Stream of consciousness

I haven’t really had the chance to post, work has been so busy I have just been collapsing into bed when I get home, and no chance to surf from my desk!

I was so desperate for an hour or two myself, I’ve skipped acupuncture this morning (the day I don’t work) so I can chill out a bit before picking up DS from nursery late morning.  It’s nicely sunny outside at the moment, and I hope the forecast rain stays away long enough for us to get out to the One o’clock club this afternoon.

Things are looking up generally. I got up at 6.30am and drove down to Kind Friend early on Tuesday, we dropped her DS at his nursery and drove over to the clinic. It’s 50 miles from me to her, and 50 miles from her to the clinic. Arrived bang on time and took it in  turns to soothe her DD in the waiting room while the other saw the counsellor. That seemed to go fine, and she told both of us at the end that she’d be recommending us as suitable.

There was one thing that we’d chatted about in the car on way down, that came up in both our appointments that I hadn’t realised before, and though I’m sure it won’t affect us, it gave me pause for thought. In the UK, an egg or sperm donor can withdraw the use of their eggs or sperm at any time, before they’re used (fine) but this also extends to embryos. Now, I did know this, as there was  a high profile case in the European Court, where a woman was refused access to embryos created with an ex-partner. I’ve also seen a woman on a forum I frequent, worrying about the deteriorating relationship with her sister-in-law, I think it was, as they had embryos on her ice, her SIL was the donor. Now I can see that where there is a known donor, and embryos are frozen, then the donor has a continuing link to the embryos, though it seems odd to me that this is the case for a frozen embryo, but once they are implanted, the legal rights end.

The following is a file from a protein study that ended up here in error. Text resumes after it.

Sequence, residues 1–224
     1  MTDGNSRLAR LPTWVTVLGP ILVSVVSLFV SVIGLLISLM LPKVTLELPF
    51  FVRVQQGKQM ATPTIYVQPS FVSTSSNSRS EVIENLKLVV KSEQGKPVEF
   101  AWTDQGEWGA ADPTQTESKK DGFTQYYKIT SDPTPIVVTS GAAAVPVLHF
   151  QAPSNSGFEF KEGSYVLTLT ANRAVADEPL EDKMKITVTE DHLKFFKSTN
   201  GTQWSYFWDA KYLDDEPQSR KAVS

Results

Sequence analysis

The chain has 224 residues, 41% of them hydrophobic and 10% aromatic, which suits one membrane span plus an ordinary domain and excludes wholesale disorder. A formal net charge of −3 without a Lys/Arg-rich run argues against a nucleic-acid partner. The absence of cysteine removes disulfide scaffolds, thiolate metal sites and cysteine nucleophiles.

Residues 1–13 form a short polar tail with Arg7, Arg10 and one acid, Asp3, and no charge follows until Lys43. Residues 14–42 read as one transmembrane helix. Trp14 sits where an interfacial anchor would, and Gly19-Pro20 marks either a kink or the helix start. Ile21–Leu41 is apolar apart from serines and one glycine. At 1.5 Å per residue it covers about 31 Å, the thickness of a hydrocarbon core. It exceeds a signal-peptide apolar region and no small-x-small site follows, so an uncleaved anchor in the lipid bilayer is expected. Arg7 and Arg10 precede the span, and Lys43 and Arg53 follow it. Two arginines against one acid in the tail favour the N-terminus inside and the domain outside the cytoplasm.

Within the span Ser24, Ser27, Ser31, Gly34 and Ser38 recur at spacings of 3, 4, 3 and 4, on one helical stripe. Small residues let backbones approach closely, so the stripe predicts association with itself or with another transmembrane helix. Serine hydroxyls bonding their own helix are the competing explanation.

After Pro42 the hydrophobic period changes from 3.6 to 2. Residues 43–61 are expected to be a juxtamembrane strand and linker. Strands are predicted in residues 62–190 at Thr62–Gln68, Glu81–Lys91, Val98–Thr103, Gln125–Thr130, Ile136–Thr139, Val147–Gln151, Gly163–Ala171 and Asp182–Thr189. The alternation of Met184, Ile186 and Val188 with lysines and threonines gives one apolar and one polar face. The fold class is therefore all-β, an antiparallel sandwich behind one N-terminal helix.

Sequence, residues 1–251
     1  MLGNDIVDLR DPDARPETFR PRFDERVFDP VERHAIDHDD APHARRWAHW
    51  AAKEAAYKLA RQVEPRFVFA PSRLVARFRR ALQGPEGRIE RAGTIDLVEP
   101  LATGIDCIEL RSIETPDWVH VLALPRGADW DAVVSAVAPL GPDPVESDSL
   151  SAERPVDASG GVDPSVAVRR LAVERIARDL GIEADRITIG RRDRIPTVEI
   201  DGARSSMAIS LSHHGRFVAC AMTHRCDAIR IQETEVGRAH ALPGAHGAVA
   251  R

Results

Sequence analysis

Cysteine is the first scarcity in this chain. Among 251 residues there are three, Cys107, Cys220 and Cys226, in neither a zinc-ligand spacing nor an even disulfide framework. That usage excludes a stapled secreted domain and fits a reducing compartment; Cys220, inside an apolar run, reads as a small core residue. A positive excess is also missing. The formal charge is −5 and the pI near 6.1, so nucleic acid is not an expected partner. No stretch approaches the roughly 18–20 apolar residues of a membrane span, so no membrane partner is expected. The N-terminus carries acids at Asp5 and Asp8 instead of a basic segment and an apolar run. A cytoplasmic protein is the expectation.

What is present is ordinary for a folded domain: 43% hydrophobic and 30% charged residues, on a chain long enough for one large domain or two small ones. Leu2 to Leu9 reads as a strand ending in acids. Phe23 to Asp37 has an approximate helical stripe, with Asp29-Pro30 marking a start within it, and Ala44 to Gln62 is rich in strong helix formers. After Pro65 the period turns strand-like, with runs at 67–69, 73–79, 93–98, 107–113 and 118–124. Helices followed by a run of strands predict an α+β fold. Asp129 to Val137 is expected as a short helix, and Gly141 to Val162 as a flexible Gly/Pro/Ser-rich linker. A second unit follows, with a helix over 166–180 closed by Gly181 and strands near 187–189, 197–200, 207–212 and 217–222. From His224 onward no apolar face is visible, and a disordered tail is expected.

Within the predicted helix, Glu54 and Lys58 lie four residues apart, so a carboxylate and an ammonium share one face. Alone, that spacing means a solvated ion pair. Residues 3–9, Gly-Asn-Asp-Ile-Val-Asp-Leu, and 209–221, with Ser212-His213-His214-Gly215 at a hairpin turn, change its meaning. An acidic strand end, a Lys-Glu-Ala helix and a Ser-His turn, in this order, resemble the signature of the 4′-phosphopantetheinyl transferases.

But one thing mentioned to me by the counsellor really shocked me. She said that where women egg share, but don’t get pregnant, sometimes they then demand that any embryos frozen for the recipient, not be used. That seems so heartbreaking all round. I feel for the women who maybe felt obliged to egg share, as they couldn’t afford IVF otherwise. But the poor recipient! To have got as far as a frozen embryo, but to feel the possibility hanging over you, that consent for its use might be withdrawn. Awful. I’m so glad I have an “altruistic” donor.

Donor’s altruism was particularly tested when they took her blood for karyotyping and cystic fibrosis tests. She doesn’t like needles, and the IVF nurse wasn’t really an expert phlebotomist. But she survived, we had lunch, and arrived back in time to collect her DS from nursery. While I waited in the car, I phoned my GP, and spoke to the angel receptionist who has been chasing DP’s hep C result. And it was back, confirmed clear! We were expecting it to be OK, but still. I was so happy!

We’re still waiting on written results for the clinic, but I’m hoping we can arrange KF’s scan for the Easter holidays, early April, with a view to starting IVF in May. Hurray!

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~ by drownedgirl on March 9, 2007.

One Response to “Stream of consciousness”

  1. Very interesting. In my situation the sperm donor can withdraw consent up until an embryo is formed, then it’s “tough luck” for him. I believe egg donation is the same.

    Egg share is not done here, it’s a bit of a tricky subject I think, for the reasons you’ve stated – women who wouldn’t otherwise donate do so that they can afford IVF, then if it doesn’t work for them, but their eggs work for someone else, well that’s just shitty for all involved. Another prob with it is say you get 12 eggs, give away 6. Only 4 fertilise. Transfer 1 and it doesn’t take, you then lose some in the thaw etc etc.

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